The Sunday Times says

Auntie Robotica may get a new job

Shape-shifting robots which sweep and vacuum hawker centres on their own would help to bring one of Singapore's most treasured everyday institutions within the ambit of the Smart Nation project. The sight of cleaners at these eating places offers a very Old Economy view of Singapore. This is an economy based reflexively on the use of manual labour, of uneven productivity, in what itself is a tight labour force. The New Economy allocates resources more efficiently and removes some of the drudgery of repetitive labour from human hands through the innovative use of technology. That initiative must lie at the heart of moving Singapore up the ranks of smart nations.

Certainly, a pertinent question is what will happen to cleaning aunties and uncles should the robots, which are being developed, arrive. The rise of nations, including Singapore, up the rungs of the technological ladder cannot leave unwanted humans behind. The industrial revolution under way is unlike the initial one, which flourished on the plentiful availability and hence dispensability of human labour. The moral times have changed.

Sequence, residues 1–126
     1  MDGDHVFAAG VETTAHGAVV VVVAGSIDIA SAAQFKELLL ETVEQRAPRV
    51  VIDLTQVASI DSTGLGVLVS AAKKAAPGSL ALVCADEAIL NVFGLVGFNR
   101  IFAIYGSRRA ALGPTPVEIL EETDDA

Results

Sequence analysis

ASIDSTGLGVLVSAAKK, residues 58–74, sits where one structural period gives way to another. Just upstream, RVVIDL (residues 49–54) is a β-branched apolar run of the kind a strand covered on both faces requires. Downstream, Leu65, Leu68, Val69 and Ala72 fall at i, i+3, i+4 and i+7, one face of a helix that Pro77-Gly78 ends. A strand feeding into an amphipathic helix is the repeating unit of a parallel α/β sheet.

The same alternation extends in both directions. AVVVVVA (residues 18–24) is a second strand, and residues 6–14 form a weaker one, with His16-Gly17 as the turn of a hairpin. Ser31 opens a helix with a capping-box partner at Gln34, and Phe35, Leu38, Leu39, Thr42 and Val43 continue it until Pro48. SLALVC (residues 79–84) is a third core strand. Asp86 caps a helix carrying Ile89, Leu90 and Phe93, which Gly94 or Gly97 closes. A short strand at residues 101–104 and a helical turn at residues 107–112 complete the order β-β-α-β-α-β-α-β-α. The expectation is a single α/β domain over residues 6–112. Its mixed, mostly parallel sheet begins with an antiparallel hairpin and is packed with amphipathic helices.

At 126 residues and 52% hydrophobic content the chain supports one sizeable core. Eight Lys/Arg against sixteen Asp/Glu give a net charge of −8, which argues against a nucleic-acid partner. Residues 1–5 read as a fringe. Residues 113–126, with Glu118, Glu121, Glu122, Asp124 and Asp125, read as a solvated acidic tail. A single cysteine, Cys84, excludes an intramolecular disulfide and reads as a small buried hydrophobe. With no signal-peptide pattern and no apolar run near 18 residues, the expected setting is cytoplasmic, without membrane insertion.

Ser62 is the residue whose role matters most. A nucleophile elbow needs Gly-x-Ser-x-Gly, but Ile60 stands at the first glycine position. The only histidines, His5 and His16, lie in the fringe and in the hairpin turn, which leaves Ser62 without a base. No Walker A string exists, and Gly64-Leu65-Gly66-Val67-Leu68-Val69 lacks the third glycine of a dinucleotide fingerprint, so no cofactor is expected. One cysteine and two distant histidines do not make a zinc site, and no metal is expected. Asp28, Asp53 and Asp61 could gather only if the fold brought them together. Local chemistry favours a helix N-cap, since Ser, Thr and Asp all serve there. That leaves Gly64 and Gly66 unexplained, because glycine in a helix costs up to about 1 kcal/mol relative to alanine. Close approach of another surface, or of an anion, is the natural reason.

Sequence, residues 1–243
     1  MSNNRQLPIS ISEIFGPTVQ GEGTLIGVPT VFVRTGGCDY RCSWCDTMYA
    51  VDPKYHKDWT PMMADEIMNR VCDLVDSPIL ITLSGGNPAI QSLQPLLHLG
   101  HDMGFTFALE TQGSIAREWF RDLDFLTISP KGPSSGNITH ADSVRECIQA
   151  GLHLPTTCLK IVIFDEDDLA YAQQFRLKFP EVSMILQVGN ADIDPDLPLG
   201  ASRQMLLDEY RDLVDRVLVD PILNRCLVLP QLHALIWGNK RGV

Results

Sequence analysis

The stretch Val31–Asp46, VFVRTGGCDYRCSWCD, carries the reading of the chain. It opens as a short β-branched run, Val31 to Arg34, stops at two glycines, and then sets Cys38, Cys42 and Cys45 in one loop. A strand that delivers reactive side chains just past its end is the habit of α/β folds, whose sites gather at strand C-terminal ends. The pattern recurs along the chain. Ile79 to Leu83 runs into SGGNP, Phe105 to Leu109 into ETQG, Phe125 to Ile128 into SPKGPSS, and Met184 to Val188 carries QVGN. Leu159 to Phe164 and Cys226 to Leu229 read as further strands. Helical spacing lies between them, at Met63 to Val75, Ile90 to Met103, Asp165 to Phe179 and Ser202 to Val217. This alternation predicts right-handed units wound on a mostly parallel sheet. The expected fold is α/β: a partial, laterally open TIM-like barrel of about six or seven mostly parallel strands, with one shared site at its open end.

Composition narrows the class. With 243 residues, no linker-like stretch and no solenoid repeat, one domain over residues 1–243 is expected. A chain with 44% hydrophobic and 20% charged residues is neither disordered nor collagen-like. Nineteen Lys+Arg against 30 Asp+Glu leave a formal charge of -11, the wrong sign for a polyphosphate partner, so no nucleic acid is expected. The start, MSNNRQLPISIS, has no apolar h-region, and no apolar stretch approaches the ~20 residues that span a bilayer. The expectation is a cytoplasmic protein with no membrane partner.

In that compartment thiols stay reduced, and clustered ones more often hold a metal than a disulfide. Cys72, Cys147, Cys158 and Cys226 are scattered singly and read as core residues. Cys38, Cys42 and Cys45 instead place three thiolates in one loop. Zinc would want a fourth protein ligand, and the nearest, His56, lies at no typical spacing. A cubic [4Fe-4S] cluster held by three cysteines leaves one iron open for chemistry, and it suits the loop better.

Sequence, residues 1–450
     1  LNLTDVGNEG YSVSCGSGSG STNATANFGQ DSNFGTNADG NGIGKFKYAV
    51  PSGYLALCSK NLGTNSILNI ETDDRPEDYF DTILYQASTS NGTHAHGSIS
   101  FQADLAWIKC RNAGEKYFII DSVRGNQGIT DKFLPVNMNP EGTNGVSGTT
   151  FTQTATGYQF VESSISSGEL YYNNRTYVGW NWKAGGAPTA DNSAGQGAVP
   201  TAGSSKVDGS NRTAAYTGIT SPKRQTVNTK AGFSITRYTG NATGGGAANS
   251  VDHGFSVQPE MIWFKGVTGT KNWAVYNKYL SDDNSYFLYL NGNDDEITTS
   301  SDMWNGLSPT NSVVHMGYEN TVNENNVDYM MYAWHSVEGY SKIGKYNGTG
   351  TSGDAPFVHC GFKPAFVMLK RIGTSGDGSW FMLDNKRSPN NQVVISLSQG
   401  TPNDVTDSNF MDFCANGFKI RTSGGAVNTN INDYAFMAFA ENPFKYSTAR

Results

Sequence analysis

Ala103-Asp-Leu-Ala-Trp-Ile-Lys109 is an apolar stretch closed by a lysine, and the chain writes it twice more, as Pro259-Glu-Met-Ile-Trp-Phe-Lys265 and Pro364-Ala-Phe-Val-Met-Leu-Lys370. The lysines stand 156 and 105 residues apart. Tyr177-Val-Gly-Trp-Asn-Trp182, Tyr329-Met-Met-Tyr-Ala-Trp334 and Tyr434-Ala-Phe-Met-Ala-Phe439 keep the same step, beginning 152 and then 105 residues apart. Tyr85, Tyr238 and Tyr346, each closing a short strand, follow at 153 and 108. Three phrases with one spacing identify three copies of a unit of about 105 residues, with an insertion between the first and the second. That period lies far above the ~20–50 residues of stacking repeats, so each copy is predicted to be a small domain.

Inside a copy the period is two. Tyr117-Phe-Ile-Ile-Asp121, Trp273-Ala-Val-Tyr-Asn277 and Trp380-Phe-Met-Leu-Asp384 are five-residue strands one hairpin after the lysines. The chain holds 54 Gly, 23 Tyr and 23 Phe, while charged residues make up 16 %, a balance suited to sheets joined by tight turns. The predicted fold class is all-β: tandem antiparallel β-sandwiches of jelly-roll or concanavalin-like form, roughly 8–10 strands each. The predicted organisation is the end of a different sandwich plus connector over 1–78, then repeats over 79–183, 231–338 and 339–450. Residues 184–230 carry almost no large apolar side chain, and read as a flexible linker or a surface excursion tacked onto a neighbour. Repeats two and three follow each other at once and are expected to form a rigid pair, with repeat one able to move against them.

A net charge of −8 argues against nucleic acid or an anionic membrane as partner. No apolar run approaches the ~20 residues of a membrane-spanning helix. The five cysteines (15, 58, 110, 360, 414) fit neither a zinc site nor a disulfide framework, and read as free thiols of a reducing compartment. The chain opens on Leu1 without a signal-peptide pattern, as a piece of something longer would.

Here, the good news is that the move into technology will help free up workers in the sector for higher-skilled jobs. Manpower cannot be increased indefinitely to meet the continuing rise in demand for cleaning and waste management services. Instead, it is technological innovation which is necessary to make the supply-demand relationship a sustainable one. The Singapore University of Technology and Design and the National Robotics Programme, the motive force behind the initiative, should be complimented on their effort to bring the future closer.

That said, it is to be hoped that the arrival of robots will not make cleaning uncles and aunties redundant in massive numbers. If that were to occur, the social infrastructure must be prepared to step in and make their lives easier.

A version of this article appeared in the print edition of The Sunday Times on December 24, 2017, with the headline 'Auntie Robotica may get a new job'. Print Edition | Subscribe